(This article belongs to the Special Issue Molecular Simulation of Mineral-Solution Interfaces)
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Open AccessArticle Evaluation of Sulfonate-Based Collectors with Different Hydrophobic Tails for Flotation of Fluorite
Minerals 2018, 8(2), 57; https://doi.org/10.3390/min8020057
Received: 28 December 2017 / Revised: 3 February 2018 / Accepted: 5 February 2018 / Published: 9 February 2018
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Abstract
This investigation aims to demonstrate the effects of hydrophobic tails on the affinity and relevant flotation response of sulfonate-based collectors for fluorite. For this purpose, a series of alkyl sulfonates with different hydrophobic tails, namely sodium decanesulfonate (C10), sodium dodecylsulfate (C12), sodium hexadecanesulfonate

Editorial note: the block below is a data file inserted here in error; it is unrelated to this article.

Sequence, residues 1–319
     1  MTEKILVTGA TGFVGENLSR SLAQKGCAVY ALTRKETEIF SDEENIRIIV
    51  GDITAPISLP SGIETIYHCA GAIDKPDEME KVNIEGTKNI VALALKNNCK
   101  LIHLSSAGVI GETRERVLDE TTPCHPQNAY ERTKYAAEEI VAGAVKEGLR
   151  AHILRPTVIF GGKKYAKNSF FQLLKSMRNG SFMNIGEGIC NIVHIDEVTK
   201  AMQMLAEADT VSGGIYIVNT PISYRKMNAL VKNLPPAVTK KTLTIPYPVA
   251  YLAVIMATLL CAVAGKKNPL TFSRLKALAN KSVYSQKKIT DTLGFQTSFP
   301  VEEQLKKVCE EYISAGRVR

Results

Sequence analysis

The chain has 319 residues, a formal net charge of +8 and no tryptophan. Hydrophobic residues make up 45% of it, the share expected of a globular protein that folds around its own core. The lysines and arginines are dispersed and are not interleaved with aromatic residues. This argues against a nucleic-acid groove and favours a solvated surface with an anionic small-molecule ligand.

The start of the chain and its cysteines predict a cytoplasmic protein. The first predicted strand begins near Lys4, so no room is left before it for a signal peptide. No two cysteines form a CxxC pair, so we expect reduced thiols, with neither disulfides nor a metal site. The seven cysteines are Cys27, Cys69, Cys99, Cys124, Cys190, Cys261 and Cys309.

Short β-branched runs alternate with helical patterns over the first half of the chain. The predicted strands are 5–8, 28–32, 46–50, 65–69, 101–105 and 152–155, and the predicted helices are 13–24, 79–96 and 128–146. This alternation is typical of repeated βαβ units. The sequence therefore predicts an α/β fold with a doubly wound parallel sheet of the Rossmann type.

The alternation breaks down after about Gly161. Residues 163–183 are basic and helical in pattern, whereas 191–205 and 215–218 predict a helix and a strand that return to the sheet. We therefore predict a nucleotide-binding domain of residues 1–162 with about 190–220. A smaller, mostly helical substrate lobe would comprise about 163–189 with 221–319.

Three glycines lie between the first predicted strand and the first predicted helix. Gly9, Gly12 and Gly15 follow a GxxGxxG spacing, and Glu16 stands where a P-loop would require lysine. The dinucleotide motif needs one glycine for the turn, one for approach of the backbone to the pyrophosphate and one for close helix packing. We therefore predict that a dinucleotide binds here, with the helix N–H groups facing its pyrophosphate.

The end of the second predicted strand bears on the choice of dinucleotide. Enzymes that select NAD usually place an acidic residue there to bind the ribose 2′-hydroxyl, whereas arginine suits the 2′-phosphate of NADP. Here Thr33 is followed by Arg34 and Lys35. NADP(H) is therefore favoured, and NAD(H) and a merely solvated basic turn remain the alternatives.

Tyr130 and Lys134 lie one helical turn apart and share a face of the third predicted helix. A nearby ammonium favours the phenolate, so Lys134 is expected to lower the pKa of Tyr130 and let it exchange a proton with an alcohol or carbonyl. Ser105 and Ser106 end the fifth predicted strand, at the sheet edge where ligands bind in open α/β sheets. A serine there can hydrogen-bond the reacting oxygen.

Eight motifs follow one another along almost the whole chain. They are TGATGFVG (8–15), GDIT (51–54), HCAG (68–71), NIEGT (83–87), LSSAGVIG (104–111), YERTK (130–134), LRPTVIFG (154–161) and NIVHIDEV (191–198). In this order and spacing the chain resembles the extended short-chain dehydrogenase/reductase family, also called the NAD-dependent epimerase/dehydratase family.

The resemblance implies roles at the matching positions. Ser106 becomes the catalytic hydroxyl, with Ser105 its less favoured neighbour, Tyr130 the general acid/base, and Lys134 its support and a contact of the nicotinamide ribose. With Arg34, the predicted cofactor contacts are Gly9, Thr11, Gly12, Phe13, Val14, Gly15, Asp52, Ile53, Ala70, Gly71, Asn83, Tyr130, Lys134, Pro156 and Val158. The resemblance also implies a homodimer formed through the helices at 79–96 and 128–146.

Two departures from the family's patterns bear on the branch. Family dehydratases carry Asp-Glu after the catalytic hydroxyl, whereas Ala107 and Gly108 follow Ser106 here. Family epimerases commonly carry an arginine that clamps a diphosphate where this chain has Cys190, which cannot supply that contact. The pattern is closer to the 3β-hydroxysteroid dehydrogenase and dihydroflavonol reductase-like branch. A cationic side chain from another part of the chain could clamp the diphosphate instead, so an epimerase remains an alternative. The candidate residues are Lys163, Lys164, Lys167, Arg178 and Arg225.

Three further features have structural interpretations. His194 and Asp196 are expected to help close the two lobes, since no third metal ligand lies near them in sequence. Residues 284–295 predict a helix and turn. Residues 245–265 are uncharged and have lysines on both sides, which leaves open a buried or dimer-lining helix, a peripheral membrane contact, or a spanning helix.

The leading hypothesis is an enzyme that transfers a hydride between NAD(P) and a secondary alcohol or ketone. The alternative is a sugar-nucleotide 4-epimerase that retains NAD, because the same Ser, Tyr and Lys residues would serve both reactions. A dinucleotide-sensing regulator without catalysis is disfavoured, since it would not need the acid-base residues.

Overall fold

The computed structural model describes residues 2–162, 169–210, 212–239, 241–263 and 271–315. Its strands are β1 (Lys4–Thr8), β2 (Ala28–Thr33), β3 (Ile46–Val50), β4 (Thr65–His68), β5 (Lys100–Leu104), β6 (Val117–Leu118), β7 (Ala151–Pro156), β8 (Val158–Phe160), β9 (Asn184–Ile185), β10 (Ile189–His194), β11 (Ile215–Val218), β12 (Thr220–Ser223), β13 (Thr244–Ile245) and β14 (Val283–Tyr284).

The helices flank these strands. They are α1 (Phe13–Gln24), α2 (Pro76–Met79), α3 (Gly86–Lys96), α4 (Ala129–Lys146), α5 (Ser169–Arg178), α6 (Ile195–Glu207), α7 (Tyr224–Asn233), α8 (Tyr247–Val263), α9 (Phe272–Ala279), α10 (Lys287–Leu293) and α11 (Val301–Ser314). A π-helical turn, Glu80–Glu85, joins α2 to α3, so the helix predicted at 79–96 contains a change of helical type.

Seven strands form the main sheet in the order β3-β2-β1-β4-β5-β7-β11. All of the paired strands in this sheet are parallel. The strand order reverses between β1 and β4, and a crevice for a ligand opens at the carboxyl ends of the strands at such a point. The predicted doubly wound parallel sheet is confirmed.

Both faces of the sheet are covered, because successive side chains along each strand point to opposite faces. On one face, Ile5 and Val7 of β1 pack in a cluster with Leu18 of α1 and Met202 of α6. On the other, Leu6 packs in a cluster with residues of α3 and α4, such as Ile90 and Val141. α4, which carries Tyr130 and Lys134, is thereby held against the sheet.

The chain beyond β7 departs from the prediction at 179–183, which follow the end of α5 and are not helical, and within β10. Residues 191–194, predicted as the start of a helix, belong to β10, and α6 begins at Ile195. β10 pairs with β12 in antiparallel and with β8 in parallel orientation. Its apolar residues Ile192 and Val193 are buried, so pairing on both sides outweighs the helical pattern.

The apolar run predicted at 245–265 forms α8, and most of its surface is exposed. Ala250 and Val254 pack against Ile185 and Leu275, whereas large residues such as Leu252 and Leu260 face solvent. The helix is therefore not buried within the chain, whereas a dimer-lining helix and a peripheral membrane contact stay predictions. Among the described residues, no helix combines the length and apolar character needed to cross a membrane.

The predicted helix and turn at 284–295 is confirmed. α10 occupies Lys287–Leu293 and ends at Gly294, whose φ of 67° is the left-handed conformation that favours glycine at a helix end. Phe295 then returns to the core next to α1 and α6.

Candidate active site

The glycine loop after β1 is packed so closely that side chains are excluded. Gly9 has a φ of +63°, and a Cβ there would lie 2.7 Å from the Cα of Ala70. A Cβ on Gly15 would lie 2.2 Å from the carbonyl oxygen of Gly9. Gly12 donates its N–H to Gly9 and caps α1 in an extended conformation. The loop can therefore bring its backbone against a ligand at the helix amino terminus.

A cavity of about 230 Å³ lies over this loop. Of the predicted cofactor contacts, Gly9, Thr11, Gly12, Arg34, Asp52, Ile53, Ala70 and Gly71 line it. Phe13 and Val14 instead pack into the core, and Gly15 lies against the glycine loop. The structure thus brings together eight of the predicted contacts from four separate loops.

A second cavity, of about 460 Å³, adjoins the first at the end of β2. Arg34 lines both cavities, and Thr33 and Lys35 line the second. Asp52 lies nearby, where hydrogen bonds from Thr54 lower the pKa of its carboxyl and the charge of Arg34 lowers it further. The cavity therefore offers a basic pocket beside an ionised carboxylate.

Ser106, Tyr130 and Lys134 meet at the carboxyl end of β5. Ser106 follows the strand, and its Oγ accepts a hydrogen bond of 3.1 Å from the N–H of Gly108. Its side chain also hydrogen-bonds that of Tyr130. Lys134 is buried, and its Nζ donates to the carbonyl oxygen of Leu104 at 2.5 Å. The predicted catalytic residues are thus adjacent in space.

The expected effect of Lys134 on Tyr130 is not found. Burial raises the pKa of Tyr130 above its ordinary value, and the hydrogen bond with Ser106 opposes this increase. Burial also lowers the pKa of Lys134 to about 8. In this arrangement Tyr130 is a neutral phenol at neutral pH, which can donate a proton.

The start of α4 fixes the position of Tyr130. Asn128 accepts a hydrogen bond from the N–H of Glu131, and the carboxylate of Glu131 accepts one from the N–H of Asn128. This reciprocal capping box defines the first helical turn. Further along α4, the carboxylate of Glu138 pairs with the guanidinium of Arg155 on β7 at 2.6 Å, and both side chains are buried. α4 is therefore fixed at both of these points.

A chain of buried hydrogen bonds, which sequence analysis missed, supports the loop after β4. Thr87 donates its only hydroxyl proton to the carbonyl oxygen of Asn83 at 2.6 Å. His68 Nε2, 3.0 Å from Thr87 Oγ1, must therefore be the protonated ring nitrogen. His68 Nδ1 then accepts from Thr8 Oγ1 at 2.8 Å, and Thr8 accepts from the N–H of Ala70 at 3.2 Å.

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This investigation aims to demonstrate the effects of hydrophobic tails on the affinity and relevant flotation response of sulfonate-based collectors for fluorite. For this purpose, a series of alkyl sulfonates with different hydrophobic tails, namely sodium decanesulfonate (C10), sodium dodecylsulfate (C12), sodium hexadecanesulfonate (C16), and sodium dodecylbenzenesulfonate (C12B) were applied. The flotation tests showed that C12 and C12B had a better collecting performance than C10 and C16 at pH < 10, and the flotation recovery of fluorite was higher when adopting C12B as a collector compared with C12 with a strong base. The adsorption behaviors of collectors on the fluorite surface were studied through zeta potential, Fourier transform infrared (FTIR), and X-ray photoelectron spectroscopy (XPS) analyses. It was found that the affinity of alkyl sulfonates for fluorite was enhanced with the increase of the alkyl chain length from C10 to C16. The existence of phenyl in the hydrophobic tail of sulfonates could improve its activity for fluorite by reducing its surface tension. The abnormal phenomenon C16 with a high affinity for fluorite had a low collecting performance for fluorite mainly due to its overlong alkyl chain, resulting in low solubility in pulp, which restrained its interaction with fluorite. We concluded that C12B was the most applicable collector for fluorite among these reagents due to its high activity, high solubility, and low cost, which was further substantiated by calculating their molecular frontier orbital energy. Full article